The Nearby API is arguably one of the coolest features Google introduced in Play Services last year, but its potential remains largely untapped. Pocket Casts and Trello were one of the first apps to use it for sharing, but very few apps have since followed suit and even less have been built solely to utilize this new capability. Last week, we heard of Radon, an app that shares links to nearby devices, and today we have another new app that does the same for contact cards: Card Case.
Contact sharing is, if you ask me, one of the most logical ways to use Nearby. When you're networking or meeting new people, you really don't want to carry around physical business cards, bother with manually entering phone numbers and email addresses, or fumble with NFC only to discover that one of the phones does not have the requisite antenna or that you can't figure out the exact way to share a contact detail with each other. It makes so much sense for your phone to sense nearby people, tell you if they have their contact details available, and ask if you want to save them to your address book. But Android doesn't do that natively yet, and so Card Case is there to fill this void.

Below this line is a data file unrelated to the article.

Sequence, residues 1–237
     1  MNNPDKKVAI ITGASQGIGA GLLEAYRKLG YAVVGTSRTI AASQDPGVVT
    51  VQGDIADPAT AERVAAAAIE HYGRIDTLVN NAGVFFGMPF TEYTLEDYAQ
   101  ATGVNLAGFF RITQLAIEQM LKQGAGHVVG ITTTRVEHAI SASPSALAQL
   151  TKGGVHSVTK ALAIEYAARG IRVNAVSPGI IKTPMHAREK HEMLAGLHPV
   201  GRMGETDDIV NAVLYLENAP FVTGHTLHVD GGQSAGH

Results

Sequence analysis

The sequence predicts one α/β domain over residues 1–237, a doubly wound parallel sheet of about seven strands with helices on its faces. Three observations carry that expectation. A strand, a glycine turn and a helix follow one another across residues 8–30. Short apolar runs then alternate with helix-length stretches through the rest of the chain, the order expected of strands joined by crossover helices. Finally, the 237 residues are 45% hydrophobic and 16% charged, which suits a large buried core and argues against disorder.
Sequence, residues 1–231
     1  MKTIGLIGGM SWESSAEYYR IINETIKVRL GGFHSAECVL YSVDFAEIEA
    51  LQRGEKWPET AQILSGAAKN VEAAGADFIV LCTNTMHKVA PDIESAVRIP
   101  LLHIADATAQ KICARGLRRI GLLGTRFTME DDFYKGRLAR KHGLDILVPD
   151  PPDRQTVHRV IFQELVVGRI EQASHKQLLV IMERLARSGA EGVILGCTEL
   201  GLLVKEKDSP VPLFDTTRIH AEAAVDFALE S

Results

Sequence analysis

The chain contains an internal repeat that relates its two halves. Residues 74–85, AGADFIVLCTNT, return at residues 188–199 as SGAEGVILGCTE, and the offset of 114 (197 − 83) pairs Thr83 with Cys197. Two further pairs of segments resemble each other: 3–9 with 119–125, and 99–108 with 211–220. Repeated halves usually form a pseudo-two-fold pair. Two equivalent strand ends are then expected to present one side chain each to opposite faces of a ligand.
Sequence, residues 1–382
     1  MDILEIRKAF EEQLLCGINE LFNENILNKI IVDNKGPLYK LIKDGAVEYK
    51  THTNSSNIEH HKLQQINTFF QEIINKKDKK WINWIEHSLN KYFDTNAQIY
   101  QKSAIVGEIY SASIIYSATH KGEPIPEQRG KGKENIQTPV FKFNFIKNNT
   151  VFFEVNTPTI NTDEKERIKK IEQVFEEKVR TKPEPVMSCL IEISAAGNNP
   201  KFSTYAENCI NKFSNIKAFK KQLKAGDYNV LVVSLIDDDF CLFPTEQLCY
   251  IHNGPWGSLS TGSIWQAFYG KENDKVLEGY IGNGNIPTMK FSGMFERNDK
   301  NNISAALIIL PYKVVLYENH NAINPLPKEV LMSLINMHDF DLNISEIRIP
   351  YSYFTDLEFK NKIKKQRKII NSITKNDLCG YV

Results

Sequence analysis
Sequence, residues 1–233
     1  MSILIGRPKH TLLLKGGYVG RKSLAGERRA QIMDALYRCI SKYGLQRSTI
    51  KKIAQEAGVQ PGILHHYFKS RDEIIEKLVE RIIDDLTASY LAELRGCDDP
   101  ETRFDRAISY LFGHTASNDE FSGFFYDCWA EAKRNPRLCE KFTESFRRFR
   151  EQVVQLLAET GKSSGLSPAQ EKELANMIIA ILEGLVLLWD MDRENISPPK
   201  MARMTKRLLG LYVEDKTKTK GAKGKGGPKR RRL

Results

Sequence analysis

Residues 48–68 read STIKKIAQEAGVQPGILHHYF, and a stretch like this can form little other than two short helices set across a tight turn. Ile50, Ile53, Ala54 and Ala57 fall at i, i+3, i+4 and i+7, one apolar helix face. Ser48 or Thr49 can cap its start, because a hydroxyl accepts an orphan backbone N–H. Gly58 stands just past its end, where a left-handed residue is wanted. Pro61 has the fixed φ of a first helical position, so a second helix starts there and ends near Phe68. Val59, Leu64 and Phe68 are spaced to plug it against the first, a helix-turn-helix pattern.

As with Radon, all parties have to have the app installed on their devices. (It's a small 3.3MB download, so it shouldn't be a problem to ask someone to grab it from the Play Store on the spot.) Once you open it, you create your own contact card with a photo, name, email address, phone number, and any other information you want to add. You're then directed to a screen where Card Case asks for a permission to use Nearby and then starts broadcasting your card's availability to other devices. When another Card Case user(s) pops up, you see their card in the received stack and you can tap to view all of the details that they've shared.
That's really all there is to Card Case right now, and that's both a good and a bad thing. There's a certain layer of privacy due to the fact that all parties have to be using the app at the same time to get each other's details, but there's no confirmation dialog so you can't really know who's got your card or limit it to a specific person around you: everyone with the app on board is fair game. The other limit of the app is that, as far as I can tell, there's no way to save a card to your own contacts list, which makes this very limited in scope and usability.
Card Case is free to download on the Play Store so there's no harm in checking it out right away and you may want to keep it nearby in case it gets updated with more features later on.